04-641   Fundamentals of Telecommunications and Computer Networks

Location: Africa

Units: 12

Semester Offered: Fall

Course description

In this class, students will learn how modern telecommunications and computer networks function as well as key communication protocols and protocol stacks. Moreover, the course will discuss computer network design and deployment through lectures and lab work. Students will complete weekly labs that require them to implement a specific network configuration. The course grade will be based on weekly lab write-ups, paper reviews, a midterm, and a final exam.

Learning objectives

The goal of this course is to provide learners with the fundamentals of computer networking and other telecommunication systems. After completing this course, students should understand how modern telecommunications and computer networks function and understand relevant protocols and the protocol stack. They should also be able to perform network subnetting and explain how routing and switching are accomplished.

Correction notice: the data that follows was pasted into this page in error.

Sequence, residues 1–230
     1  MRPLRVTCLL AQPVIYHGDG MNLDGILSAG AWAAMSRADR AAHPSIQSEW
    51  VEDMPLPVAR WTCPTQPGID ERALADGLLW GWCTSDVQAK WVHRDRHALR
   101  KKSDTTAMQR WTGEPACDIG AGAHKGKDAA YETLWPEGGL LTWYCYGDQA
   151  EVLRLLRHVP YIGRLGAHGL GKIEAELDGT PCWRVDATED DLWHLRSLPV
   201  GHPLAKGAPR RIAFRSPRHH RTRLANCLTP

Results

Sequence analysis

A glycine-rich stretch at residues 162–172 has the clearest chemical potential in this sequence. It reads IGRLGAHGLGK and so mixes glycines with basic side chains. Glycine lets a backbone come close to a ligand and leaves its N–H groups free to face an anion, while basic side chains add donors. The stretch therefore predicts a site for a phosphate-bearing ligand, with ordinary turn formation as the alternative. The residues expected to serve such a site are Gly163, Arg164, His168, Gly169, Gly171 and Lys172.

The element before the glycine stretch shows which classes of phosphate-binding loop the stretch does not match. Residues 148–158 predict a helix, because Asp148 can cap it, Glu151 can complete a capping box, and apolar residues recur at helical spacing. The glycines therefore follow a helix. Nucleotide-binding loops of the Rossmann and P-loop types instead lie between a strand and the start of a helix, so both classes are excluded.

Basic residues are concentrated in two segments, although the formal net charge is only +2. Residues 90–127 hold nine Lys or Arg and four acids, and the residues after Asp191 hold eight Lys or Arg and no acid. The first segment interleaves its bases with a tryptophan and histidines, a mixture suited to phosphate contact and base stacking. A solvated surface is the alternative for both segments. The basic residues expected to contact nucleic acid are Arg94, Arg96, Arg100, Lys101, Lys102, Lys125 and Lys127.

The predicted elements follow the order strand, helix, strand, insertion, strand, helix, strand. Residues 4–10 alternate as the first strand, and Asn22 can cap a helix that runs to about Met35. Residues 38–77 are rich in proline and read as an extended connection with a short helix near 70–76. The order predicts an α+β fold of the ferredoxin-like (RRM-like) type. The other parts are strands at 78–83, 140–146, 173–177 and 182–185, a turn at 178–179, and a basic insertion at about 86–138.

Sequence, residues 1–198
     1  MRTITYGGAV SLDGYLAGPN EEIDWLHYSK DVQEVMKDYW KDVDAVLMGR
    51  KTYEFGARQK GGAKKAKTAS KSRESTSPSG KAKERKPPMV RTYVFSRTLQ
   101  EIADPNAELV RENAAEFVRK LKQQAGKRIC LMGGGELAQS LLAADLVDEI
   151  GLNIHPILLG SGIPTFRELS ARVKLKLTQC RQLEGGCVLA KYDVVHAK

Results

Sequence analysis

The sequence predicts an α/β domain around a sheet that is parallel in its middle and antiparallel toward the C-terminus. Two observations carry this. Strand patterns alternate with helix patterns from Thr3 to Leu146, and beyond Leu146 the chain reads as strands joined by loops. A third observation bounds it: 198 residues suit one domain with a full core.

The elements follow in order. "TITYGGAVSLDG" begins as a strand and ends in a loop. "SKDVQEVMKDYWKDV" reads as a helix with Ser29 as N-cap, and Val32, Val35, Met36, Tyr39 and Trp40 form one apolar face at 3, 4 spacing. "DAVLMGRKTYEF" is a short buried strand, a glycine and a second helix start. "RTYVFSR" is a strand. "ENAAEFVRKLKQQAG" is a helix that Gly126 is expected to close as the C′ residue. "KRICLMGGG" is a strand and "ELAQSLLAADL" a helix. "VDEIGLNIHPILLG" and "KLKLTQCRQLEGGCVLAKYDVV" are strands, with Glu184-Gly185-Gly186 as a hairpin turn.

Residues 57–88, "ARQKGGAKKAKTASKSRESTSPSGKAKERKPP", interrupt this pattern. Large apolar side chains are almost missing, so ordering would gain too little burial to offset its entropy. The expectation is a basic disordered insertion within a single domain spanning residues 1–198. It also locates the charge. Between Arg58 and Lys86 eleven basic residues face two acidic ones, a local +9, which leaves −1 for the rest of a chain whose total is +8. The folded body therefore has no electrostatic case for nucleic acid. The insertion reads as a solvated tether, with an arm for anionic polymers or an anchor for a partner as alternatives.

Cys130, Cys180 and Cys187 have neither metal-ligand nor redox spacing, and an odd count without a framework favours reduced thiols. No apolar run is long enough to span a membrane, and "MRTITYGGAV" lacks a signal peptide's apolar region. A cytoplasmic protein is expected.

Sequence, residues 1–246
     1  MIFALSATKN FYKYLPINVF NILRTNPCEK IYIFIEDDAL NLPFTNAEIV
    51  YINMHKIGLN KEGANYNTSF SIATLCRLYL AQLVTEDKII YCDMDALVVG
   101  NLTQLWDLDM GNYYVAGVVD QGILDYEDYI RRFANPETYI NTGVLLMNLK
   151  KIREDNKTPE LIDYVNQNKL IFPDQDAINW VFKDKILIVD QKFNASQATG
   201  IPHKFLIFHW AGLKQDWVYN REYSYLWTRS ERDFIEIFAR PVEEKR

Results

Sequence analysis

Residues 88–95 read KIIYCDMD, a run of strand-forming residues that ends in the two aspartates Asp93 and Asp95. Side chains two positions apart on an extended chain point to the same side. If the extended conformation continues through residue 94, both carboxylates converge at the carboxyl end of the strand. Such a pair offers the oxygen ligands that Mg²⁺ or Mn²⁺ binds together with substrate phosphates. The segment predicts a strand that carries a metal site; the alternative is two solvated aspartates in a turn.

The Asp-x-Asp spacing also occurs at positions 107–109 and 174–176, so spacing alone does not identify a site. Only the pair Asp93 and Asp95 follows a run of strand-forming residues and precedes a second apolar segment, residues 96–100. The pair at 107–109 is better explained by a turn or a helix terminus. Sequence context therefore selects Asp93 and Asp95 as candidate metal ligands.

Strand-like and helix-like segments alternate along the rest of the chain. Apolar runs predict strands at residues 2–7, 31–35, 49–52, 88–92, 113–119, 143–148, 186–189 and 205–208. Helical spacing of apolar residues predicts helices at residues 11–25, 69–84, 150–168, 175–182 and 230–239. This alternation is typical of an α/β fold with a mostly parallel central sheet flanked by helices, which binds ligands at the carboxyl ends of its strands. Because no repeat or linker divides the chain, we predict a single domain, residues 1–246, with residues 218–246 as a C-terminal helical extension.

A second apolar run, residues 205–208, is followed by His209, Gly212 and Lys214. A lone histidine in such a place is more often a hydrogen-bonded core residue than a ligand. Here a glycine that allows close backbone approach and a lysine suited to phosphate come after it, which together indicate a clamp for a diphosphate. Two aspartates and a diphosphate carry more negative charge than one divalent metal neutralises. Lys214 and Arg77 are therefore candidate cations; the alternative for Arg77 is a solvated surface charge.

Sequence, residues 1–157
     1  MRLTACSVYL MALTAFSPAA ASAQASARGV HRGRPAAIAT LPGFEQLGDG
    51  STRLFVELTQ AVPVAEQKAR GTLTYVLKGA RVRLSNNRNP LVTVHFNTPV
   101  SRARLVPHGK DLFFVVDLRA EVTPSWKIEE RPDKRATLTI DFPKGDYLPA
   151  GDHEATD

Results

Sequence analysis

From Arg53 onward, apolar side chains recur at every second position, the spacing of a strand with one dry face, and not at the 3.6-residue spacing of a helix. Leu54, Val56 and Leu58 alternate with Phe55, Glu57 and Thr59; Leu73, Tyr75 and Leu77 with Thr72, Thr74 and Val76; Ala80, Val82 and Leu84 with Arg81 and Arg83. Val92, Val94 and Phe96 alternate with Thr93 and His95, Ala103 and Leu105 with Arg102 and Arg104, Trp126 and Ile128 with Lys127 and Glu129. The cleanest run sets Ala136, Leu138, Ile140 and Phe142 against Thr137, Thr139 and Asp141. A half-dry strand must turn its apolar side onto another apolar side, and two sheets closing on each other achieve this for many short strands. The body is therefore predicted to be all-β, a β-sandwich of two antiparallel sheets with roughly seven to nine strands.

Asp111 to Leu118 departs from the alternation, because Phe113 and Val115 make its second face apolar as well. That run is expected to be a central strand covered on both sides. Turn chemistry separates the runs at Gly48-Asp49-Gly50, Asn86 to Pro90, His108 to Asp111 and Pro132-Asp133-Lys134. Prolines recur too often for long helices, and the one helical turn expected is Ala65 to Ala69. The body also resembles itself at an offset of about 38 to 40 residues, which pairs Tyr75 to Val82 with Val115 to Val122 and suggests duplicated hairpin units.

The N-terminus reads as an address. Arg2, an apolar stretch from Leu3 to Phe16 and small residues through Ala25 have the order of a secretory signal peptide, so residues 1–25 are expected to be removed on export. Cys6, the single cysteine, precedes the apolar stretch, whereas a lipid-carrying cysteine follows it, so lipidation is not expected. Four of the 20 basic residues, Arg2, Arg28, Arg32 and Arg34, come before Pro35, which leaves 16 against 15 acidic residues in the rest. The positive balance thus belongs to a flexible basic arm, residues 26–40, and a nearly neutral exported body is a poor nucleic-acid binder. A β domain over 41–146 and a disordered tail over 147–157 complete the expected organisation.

After completing this course, students will be able to:

  • Describe various types of network architectures and protocols
  • Describe and analyze QoS and traffic engineering mechanisms and protocols
  • Evaluate the performance of standard networks
  • Handle address space exhaustion of IPV4 (Subnetting concepts)
  • How to effectively and fairly allocate resources among a collection of competing users
  • Be familiar with the most popular network applications
  • Describe different security issues in computer networks

Content details

  • History of the Internet
  • Design principles
  • ISPs, backbones, and peering
  • Application protocols (HTTP, FTP, SMTP, POP3, IMAP, DNS, DHCP)
  • DNS and CDNs (content distribution networks)
  • Peer-to-peer networks
  • Transport layer (UDP, TCP)
  • Congestion control
  • Network layer (IP addressing, subnetting, ICMP, OSPF, RIP, IPv4, IPv6)
  • Routing (Internet, algorithms, instability)
  • Network measurement
  • Link layer (Ethernet, devices, virtual link layer, ARP, MAC)
  • Wireless and mobile networks, and next-generation networks
  • Security in computer networks




Edwin Mugume